"Encaustic is a painting method, also known as hot wax painting, that involves using melted beeswax. It is usually applied to a rigid, porous, surface such as wood, stone, or plaster, and can be reheated into a smooth or textured finish. Powered pigment and oil paint are often used to colorize the wax. Many artists use encaustic medium which is made from adding damar resin. The resin is used as a hardening and stabilizing agent for the wax.
Heat guns, torches and irons are used to manipulate the wax, and hot guns and irons are used to apply heat to bond each layer together. The wax can be reheated and reworked, and because it is impervious to moisture it will not deteriorate. Encaustic lends itself to painting and sculpture, as well as for dipping into and painting on paper. Different opaque and translucent effects are possible, and the wax can be textured, scraped and polished to a high sheen." - International Encaustic Artists
The simplest encaustic mixture can be made from adding pigments to beeswax, but there are several other recipes that can be used—some containing other types of waxes, damar resin, linseed oil, or other ingredients. Pure, powdered pigments can be used, though some mixtures use oil paints or other forms of pigment.
Metal tools and special brushes can be used to shape the paint before it cools, or heated metal tools can be used to manipulate the wax once it has cooled onto the surface.
Today, tools such as heat lamps, heat guns, and other methods of applying heat allow artists to extend the amount of time they have to work with the material. Because wax is used as the pigment binder, encaustics can be sculpted as well as painted.
Other materials can be encased or collaged into the surface, or layered, using the encaustic medium to stick them to the surface.
The word encaustic originates from the Greek word enkaustikos which means to burn in, and this element of heat is necessary for a painting to be called encaustic.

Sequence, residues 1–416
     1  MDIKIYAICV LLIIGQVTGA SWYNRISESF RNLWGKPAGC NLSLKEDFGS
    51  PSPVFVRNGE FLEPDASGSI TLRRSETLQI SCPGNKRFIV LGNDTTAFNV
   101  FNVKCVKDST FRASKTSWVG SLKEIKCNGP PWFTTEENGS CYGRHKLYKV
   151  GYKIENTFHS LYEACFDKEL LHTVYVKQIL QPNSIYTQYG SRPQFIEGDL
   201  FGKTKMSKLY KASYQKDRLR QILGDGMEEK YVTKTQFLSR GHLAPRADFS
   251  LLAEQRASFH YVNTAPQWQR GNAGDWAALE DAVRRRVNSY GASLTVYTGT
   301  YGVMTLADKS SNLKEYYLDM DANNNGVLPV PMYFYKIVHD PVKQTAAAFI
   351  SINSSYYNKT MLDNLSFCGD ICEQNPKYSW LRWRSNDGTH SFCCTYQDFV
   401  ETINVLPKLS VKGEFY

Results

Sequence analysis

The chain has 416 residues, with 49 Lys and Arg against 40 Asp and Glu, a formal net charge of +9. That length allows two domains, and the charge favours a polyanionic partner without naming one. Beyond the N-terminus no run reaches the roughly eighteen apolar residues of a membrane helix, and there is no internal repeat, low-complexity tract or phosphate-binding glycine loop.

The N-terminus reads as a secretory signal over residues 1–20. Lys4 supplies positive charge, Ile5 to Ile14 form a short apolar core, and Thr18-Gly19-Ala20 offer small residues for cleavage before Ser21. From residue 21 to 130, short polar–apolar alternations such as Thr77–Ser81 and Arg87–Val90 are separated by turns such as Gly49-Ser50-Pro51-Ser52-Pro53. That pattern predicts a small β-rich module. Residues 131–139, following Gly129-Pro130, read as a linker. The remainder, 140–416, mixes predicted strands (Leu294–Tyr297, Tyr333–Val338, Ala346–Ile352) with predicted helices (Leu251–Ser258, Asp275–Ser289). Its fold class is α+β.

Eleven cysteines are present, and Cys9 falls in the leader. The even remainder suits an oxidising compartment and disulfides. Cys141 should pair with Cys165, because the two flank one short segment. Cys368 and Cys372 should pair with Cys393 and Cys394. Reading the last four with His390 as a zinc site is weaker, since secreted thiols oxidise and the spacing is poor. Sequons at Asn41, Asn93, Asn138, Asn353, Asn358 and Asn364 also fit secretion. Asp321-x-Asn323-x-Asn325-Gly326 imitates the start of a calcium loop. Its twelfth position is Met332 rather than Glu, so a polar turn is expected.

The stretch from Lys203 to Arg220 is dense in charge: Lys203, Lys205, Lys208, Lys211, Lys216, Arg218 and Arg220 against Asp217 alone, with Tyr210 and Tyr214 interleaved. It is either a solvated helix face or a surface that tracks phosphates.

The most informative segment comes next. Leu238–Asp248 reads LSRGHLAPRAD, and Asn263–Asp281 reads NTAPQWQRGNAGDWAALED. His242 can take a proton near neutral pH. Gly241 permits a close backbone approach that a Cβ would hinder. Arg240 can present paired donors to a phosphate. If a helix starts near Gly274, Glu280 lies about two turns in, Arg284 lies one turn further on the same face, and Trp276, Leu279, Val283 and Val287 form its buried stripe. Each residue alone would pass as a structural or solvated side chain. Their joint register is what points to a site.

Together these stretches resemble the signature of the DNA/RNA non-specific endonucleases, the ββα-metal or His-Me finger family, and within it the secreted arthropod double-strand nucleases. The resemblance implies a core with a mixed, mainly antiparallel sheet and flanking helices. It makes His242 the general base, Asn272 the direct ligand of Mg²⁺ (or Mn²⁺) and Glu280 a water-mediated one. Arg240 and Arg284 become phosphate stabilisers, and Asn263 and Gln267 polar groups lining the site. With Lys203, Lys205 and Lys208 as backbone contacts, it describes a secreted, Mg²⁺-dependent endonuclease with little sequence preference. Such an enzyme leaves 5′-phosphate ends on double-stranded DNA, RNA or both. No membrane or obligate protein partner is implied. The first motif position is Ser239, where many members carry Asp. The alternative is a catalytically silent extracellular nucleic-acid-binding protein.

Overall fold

This technique was notably used in the Fayum mummy portraits from Egypt around 100–300 AD, in the Blachernitissa and other early icons. The wax encaustic painting technique was described by the Roman scholar Pliny the Elder (1885, Book 35, ch 41) in his Natural History from the 1st Century AD. The oldest surviving encaustic panel paintings are the Romano-Egyptian Fayum mummy portraits from the 1st Century BC.
Encaustic art has seen a resurgence in popularity since the 1990s with people using electric irons, hotplates and heated styli on different surfaces including card, paper and even pottery. The iron makes producing a variety of artistic patterns easier. The medium is not limited to just simple designs; it can be used to create complex paintings, just as in other media such as oil and acrylic. Although technically difficult to master, attractions of this medium for contemporary artists are its dimensional quality and luminous color. (1)
Here are some links to other Contemporary Encaustic Artists. Check out their websites and discover some truly imaginative ways of using this medium.